Just like the original title, Xillia 2 takes place over various countries presented in a third-person camera perspective new to the series. Such a bold shift could the bag of fresh air the series needs, but alas, it comes included with a dreadfully boring overworld. Most Tales games prior enforced something of a semi-top-down camera perspective with a sprawling map representing the game’s world, yet Xillia 2 continues to opt for long, boring “pathway” segments from town to town. They’re tepidly uninspired, are hardly unique from one another, and will compel players to either dash past all enemies or scramble to the Quick Jump button just to escape the tedium.

As Xillia 2 is based on the same engine as the original, it’s not surprising the game reuses all of its predecessor’s assets, right down to towns and cities looking just as they did before. Since only a year has passed in-game, it could be somewhat forgivable…if the obvious signs of laziness that already plagued the original weren’t present. All the ships ports are still practically identical, and the cries of fresh muttons continue filling the air of every single city. No matter how much content Xillia 2 presents, this homogenized presentation does it absolutely no favors.


Flashy combo strings and magic spells continue decorating the battlegrounds of Tales. More characters, arte improvements, and borrowing Graces’s “CC” combo system are points in favor of Xillia 2’s combat system, but the anemic attacks render them somewhat moot. While the artes and spells are as quick and fancy as ever, hardly anything feel satisfying to land, and so pulling together combos has all the excitement of beating up a paper bag. Okay, maybe it’s not that dull, but when considering just how great combat felt in the game’s predecessors (particularly, Vesperia and Graces), it’s disappointing for Xillia 2 to feel so sluggish.

While the entire party can be controlled, Ludger is a special case in that his Chromatus ability–usable when a time-based meter fills up–teleports he and his opponents into a space-time continuum of sorts where he can unleash amplified artes without risk of damage. Regardless of its imposed time limit, it’s also unabashedly, unavoidably broken; of particular note is the “Falling Snow” move, where Ludger can just slice back and forth for a whopping 30,000 HP within the span of maybe twenty seconds. Getting bored with battles? Just spam Falling Snow.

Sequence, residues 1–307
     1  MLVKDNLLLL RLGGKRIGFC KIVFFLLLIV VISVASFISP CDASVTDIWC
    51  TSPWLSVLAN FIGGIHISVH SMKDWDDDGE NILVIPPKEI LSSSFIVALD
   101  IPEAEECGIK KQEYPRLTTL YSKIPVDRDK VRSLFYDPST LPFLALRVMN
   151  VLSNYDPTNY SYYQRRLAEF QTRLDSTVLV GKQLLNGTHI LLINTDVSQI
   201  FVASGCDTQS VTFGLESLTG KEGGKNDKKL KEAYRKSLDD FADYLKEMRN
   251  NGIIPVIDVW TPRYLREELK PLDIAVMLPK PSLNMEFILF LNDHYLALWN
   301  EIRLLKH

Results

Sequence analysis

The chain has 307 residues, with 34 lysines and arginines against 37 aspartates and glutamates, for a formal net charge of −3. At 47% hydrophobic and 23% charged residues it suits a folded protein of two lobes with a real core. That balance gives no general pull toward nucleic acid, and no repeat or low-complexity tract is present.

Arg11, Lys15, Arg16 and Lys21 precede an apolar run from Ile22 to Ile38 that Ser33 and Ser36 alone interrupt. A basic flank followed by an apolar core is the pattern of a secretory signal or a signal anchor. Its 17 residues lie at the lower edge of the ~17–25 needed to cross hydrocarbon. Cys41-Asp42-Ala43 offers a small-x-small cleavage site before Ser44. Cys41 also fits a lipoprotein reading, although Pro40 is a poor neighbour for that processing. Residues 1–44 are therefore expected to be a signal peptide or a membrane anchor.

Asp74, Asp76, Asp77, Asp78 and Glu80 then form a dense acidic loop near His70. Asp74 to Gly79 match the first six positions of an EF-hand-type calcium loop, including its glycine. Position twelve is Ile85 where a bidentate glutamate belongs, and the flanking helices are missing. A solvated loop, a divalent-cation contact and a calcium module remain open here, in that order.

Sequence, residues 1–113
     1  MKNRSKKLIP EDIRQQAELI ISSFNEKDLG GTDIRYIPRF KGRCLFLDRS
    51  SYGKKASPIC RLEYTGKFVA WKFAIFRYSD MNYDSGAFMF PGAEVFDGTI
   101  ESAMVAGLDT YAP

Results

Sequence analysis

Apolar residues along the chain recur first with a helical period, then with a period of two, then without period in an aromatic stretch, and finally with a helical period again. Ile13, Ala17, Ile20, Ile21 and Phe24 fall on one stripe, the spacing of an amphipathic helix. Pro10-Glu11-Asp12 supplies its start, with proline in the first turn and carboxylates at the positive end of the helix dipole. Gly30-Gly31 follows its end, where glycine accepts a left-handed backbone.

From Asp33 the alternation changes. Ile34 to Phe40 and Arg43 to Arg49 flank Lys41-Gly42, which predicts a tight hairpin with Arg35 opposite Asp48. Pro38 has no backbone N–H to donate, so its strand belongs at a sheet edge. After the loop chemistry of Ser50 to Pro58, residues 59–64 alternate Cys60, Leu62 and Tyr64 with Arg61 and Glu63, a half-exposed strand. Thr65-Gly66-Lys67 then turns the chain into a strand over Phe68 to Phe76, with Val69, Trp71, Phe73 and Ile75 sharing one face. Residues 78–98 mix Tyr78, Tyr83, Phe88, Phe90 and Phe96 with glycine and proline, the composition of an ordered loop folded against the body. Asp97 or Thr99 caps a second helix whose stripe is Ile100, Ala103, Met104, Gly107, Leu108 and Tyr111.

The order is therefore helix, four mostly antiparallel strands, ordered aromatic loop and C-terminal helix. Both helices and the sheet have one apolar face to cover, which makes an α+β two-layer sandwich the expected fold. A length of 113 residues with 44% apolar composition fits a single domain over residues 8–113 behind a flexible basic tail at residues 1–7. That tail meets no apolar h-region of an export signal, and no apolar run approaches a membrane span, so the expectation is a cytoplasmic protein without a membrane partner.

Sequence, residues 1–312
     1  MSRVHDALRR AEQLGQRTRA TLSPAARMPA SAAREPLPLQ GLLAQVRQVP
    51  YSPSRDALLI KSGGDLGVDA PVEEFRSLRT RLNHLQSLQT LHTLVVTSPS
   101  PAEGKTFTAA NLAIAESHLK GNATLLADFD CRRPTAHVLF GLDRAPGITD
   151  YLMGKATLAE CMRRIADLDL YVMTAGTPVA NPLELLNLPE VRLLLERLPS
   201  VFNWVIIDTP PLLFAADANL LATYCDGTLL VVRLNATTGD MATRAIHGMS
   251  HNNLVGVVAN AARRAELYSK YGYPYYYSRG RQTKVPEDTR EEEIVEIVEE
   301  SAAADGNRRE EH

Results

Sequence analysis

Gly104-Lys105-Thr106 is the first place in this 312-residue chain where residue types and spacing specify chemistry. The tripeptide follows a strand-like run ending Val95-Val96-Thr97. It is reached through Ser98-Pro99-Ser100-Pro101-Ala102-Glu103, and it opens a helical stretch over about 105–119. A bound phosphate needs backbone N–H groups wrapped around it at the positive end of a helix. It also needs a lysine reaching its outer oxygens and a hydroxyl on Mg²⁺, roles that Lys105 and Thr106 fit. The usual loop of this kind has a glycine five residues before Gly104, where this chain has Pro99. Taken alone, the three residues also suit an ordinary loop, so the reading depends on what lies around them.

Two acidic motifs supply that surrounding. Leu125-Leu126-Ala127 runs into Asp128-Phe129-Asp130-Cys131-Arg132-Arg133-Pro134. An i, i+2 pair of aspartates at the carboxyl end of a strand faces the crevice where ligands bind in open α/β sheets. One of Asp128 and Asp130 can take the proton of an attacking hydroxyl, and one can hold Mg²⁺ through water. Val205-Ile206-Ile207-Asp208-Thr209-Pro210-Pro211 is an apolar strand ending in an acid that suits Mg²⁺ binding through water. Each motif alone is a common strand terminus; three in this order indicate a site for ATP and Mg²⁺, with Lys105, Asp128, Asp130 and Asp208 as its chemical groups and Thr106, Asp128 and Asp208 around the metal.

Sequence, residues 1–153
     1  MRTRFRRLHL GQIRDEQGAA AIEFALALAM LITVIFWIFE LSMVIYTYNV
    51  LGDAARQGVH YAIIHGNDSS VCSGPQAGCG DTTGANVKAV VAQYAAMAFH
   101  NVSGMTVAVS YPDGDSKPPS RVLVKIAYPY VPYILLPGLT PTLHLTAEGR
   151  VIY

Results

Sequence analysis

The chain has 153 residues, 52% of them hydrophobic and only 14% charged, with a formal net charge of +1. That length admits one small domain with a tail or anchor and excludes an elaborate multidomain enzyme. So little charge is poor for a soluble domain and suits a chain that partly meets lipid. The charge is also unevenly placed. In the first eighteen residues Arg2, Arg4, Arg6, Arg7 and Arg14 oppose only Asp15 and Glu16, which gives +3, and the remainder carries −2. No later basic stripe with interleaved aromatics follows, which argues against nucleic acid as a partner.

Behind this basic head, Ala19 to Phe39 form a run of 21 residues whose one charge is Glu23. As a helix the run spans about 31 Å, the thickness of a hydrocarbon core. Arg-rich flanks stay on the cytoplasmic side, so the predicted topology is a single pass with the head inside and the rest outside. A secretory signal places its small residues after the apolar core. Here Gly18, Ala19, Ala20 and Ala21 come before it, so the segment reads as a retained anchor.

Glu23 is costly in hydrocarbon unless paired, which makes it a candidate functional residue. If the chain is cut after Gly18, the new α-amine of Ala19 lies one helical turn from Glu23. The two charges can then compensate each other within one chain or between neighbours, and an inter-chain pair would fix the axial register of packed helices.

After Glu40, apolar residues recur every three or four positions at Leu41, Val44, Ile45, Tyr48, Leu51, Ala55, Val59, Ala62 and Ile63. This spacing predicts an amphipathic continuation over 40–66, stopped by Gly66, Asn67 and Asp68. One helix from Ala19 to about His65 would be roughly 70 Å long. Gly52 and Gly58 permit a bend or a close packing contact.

Remember the train hijacking plot bit? See, Ludger was roughed up quite a bit during that escapade, and the Spirius Corporation was kind enough to treat his wounds…for a price. In what’s an absolutely shameless method of padding out the game’s length, Ludger is forced to pay over a $20,000,000 debt over the course of the game. The debt acts as paywall: before you move on the next chapter, Ludger and the gang are forced to earn Gald (Tales currency) through job requests and monster bounties.

To be fair, the debt intermissions are beneficial in highlighting the game’s healthy collection of sidequests (specifically the character sub-chapters that feature self-contained narratives for each party member), yet that hardly excuses how it blatantly halts the main quest. Job requests amount to little more than repetitive fetch quests that tend to repeat and redress themselves, and their meager payment is rendered useless by the big bucks offered for giant monster kills. No matter how many sidequests the game throws at you, an overbearing impression of pointlessness pervades the entire thing, and it may as well be seeing as how it too falls victim to the mess of a plot.

Its mere presence begs the question: why am I doing this in a fantasy RPG? Yes, the Xillia games are a tad more modern than your typical Tales adventure, but what place does this have in an epic? Despite Xillia 2 being regarded as a “Mothership” entry by Namco, the constant intrusion of something so conceptually insipid (let alone the tedium of its actual execution) trivializes it to budget-levels of “Escort” Tales games (such as the aforementioned Dawn of the New World). Keep the financial woes in Animal Crossing and let me go save the world, please.


Virtually identical to the original, Xillia 2 continues to ape washed-out colors for its aesthetic. Despite the occasional gorgeous location (such as the capital of Fennmont), Xillia 2’s locales are typically dreary, pale and uninspired to a literally depressing level. While character models are some of the series’ most detailed and well-animated, not even the big green eyes of Leia Rolando can light up Xillia 2’s color palette. As mentioned before, the game loves to reuse assets (NPC characters, backgrounds, ports, etc.), amplifying its homogenized nature.